Finally, the Exchange proposes to make several conforming changes to Rule 980NY(c)(i)(B) (Execution of Complex Orders at the Open), which are consistent with the proposal to incorporate the defined term Complex NBBO in proposed Commentary .05(a). First, the Exchange proposes to delete as duplicative the definition of the Complex NBBO that appears in Rule 980NY(c)(i)(B), as the term is now a defined in Rule 900.2NY(41)(b).[33] The Exchange also proposes to delete as extraneous the word “derived,” which precedes references to “Complex NBBO.” [34] The Exchange notes that Rule 980NY(c)(i)(B) was updated to include the concept of the Complex NBBO before the Exchange codified this definition and the proposed changes would therefore streamline the rule text and remove redundancy from Exchange rules.[35]

Implementation

The Exchange will announce by Trader Update the implementation date of the proposed rule change to expand the application of the Filter to ECOs received prior to the opening of trading or during a trading halt.

2. Statutory Basis

The Exchange believes that its proposal is consistent with Section 6(b) of the Securities Exchange Act of 1934 (the “Act”),[36] in general, and furthers the objectives of Section 6(b)(5) of the Act,[37] in particular, in that it is designed to prevent fraudulent and manipulative acts and practices, to promote just and equitable principles of trade, to remove impediments to and perfect the mechanism of a free and open market and a national market system, and, in general, to protect investors and the public interest.

The Exchange believes that this proposed rule change would allow the Filter to continue to assist with the maintenance of fair and orderly market by helping to mitigate the risks associated with the execution of ECOs priced away from the current market by the Specified Amount, which protects investors from receiving potentially erroneous executions. In addition, the proposed modifications would add specificity and more clearly convey the operation of the Filter, which added clarity and transparency would enable market participants to better understand the operation of the Filter. Specifically, the proposal to modify existing rule text to more clearly state how the Filter is applied and to consistently incorporate the defined term “Complex NBBO” would remove impediments to and perfect the mechanism of a free and open market and protect investors and the public interest because such changes would reduce redundancy and add clarity, transparency and internal consistency to Exchange rules.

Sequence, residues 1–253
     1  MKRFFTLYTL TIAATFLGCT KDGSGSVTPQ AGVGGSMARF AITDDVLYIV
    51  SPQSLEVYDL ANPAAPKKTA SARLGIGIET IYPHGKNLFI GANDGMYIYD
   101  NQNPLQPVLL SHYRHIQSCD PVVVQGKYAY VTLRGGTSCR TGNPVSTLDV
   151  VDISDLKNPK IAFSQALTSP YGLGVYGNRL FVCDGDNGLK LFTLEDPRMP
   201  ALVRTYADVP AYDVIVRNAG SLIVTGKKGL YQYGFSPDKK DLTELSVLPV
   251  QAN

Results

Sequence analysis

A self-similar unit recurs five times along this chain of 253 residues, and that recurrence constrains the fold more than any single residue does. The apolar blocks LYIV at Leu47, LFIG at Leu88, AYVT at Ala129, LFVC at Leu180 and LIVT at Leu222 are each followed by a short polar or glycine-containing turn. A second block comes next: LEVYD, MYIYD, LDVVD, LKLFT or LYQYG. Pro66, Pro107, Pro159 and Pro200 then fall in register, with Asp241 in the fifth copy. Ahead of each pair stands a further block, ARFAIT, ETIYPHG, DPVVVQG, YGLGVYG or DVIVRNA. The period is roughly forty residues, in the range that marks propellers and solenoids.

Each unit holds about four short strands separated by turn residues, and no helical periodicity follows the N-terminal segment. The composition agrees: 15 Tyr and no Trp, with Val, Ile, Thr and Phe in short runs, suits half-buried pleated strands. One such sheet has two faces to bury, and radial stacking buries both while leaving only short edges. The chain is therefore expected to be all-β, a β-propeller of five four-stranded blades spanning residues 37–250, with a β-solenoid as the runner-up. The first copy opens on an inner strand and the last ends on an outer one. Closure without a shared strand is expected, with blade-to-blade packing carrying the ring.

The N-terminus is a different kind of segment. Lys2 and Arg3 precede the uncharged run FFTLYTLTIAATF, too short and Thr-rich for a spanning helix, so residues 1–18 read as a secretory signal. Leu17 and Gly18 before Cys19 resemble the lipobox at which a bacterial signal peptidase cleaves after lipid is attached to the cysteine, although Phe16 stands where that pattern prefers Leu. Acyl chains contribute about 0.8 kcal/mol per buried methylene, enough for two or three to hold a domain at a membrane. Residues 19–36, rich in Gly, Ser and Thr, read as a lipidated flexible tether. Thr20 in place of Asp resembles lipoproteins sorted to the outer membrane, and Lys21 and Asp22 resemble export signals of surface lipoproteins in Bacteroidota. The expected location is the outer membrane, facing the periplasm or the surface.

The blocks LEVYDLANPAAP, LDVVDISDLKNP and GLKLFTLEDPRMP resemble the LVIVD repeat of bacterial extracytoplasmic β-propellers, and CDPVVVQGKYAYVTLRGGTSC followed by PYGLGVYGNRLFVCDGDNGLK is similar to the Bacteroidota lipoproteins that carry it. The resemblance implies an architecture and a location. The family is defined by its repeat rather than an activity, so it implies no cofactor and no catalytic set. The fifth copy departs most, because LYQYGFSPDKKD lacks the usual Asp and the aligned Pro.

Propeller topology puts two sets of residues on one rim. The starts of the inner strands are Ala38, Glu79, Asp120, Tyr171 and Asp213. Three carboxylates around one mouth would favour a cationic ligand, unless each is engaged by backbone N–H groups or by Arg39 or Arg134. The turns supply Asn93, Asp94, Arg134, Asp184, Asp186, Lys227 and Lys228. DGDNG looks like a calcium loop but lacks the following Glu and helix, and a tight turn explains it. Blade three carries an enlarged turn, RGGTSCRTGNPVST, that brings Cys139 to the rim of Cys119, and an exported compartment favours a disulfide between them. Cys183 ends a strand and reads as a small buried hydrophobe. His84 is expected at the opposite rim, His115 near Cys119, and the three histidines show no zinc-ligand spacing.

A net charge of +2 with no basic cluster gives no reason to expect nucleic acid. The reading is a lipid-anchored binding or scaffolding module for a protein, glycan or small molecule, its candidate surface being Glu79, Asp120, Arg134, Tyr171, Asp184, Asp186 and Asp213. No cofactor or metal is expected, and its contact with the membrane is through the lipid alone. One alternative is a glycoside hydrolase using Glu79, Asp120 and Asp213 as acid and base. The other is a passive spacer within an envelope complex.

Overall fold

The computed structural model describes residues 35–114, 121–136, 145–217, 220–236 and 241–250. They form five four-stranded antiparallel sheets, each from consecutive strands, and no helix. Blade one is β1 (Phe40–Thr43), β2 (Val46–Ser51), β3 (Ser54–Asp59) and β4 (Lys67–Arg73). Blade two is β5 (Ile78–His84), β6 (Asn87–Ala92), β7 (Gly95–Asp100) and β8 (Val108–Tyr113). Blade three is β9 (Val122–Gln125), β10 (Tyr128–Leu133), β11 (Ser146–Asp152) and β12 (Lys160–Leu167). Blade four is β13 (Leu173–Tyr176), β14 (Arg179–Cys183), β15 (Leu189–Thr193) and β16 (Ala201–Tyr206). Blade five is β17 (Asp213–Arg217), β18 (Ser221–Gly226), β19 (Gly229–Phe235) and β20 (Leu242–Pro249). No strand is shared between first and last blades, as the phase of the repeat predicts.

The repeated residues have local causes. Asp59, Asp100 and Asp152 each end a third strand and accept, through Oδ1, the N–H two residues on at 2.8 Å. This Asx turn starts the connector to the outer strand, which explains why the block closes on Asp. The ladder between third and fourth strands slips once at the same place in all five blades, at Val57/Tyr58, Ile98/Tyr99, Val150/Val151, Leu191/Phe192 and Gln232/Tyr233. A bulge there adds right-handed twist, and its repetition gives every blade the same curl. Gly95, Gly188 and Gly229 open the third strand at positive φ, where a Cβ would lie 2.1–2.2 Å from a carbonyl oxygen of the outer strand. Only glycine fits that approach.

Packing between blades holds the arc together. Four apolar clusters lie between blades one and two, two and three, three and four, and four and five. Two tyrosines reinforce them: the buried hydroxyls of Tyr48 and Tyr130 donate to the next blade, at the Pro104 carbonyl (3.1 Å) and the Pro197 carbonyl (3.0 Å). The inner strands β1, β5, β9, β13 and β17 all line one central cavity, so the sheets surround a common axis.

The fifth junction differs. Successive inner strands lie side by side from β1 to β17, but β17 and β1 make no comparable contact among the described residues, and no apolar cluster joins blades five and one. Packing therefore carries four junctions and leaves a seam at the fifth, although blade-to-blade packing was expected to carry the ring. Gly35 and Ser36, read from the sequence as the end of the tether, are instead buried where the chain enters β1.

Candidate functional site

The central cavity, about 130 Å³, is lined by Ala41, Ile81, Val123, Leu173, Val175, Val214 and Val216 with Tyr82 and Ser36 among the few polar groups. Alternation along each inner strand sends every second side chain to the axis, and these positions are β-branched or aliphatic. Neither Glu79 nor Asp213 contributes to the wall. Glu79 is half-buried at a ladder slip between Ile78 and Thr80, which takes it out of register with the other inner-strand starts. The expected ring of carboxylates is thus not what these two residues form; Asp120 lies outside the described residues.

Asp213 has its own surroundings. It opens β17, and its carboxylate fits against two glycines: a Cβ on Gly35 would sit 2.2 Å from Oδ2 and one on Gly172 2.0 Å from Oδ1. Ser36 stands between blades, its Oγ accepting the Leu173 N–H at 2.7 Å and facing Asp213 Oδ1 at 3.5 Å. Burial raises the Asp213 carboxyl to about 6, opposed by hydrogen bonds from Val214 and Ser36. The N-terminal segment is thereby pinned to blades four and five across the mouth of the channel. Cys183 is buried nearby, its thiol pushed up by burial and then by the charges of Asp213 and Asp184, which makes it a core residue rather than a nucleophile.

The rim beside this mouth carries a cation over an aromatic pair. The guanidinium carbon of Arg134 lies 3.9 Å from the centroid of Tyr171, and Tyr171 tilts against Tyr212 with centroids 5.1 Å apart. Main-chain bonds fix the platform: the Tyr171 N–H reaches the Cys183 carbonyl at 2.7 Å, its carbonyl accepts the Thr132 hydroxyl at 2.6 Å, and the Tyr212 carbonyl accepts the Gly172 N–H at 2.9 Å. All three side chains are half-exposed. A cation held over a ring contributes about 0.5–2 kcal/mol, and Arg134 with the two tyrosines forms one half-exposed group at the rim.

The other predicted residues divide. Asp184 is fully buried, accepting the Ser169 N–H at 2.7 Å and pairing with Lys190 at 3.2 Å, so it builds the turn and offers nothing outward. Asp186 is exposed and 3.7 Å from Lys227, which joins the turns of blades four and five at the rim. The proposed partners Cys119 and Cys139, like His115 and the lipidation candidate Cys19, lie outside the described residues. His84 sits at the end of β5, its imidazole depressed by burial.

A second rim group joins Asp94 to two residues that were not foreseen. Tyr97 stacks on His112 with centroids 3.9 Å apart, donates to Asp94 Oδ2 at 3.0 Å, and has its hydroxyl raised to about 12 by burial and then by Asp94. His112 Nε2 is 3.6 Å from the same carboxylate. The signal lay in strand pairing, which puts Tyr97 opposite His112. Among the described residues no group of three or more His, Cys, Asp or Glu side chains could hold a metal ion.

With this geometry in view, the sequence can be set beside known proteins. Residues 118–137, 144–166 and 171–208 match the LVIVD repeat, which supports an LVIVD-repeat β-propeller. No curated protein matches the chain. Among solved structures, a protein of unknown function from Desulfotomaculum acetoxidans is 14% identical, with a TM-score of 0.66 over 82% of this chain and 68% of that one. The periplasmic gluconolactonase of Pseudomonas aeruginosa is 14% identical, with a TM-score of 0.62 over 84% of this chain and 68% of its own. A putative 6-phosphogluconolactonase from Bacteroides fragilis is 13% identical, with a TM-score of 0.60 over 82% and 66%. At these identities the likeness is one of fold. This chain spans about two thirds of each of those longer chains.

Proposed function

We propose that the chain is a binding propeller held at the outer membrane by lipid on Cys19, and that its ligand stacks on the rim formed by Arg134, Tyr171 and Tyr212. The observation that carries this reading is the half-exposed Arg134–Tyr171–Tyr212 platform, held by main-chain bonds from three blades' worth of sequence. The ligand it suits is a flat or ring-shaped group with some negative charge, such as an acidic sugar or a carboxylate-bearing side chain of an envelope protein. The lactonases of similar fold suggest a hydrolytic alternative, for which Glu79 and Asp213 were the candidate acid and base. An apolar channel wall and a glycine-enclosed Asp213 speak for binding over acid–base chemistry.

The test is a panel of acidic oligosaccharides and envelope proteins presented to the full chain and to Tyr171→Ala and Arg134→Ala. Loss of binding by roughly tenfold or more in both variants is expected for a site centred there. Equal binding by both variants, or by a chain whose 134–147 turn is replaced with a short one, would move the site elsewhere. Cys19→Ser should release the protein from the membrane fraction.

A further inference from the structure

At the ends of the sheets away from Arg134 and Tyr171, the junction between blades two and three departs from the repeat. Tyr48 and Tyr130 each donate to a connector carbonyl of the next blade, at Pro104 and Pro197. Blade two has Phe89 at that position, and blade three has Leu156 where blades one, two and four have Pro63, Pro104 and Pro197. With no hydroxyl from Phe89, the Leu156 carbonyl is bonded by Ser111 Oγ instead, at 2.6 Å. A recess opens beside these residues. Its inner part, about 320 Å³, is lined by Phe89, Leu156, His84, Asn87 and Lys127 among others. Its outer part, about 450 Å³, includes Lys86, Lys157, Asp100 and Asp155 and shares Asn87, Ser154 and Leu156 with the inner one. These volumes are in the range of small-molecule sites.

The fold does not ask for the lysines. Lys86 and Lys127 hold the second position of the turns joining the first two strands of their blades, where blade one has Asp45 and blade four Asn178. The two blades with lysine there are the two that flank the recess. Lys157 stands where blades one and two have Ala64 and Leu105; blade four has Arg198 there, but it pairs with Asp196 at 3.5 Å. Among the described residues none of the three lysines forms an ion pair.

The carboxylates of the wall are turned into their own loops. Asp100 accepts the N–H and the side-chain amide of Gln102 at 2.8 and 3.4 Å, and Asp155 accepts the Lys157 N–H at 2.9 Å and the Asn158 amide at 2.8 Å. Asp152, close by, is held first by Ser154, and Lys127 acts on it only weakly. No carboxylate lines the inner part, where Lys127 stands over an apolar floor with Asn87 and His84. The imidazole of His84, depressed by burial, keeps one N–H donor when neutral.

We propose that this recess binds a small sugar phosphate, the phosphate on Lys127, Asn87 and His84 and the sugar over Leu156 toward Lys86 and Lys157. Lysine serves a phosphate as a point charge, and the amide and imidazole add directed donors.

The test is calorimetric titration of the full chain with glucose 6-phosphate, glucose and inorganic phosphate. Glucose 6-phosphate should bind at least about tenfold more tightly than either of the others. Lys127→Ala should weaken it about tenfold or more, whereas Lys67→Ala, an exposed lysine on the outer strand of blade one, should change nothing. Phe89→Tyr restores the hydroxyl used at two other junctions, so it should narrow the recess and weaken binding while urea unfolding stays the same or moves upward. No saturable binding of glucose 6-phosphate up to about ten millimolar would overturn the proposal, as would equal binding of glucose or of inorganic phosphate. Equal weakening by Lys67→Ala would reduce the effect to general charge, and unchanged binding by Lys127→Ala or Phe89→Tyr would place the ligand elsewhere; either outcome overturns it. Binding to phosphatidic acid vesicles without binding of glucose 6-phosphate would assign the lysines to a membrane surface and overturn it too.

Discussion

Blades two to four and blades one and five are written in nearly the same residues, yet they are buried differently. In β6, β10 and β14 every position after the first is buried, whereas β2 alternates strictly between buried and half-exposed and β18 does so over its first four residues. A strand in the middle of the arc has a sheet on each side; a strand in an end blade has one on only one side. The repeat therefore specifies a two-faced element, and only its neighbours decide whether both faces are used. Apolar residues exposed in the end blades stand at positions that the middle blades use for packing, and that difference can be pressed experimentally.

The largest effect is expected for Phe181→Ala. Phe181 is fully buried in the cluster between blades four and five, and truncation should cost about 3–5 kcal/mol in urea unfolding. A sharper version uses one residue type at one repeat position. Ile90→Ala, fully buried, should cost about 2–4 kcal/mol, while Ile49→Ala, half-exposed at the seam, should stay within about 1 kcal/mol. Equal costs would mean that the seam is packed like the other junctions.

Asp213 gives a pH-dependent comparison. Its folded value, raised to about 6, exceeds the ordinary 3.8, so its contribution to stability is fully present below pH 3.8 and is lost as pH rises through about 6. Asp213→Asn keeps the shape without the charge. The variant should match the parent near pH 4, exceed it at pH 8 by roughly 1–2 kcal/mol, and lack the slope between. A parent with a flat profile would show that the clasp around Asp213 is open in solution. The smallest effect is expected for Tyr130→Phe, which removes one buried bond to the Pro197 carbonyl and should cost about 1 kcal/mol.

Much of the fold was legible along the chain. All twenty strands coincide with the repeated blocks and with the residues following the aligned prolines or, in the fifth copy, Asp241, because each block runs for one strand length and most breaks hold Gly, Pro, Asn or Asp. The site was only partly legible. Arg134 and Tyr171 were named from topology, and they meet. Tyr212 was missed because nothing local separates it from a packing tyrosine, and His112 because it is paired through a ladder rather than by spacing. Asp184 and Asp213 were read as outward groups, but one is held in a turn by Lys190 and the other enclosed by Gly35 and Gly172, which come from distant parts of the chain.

Further, the Exchange believes the proposal to make explicit that the Specified Amount is adjusted based on the characteristics of the ECO, which is consistent with the current rule text, would further clarify (without altering) the operation of the Filter making it easier for market participants to understand, which would protect investors and the public interest.

The proposal to extend the application of the Filter beyond ECOs entered during Core Trading Hours is designed to help maintain a fair and orderly market by providing market participants entering ECOs with additional protection from anomalous executions. Because the proposed Filter would apply to all ECOs, not just those entered during Core Trading Hours (absent a trading halt), the proposal would enhance the protection offered by the Filter and aid in mitigating the potential risks associated with the execution of any ECOs that are priced a Specified Amount away from the prevailing contra-side market. The proposed rule change would therefore remove impediments to and perfect the mechanism of a free and open market and national market system by ensuring that an existing price protection would be applicable to all ECOs, regardless of when they are entered.Start Printed Page 78223

B. Self-Regulatory Organization's Statement on Burden on Competition

The Exchange does not believe that the proposed rule change would impose any burden on competition that is not necessary or appropriate in furtherance of the purposes of the Act.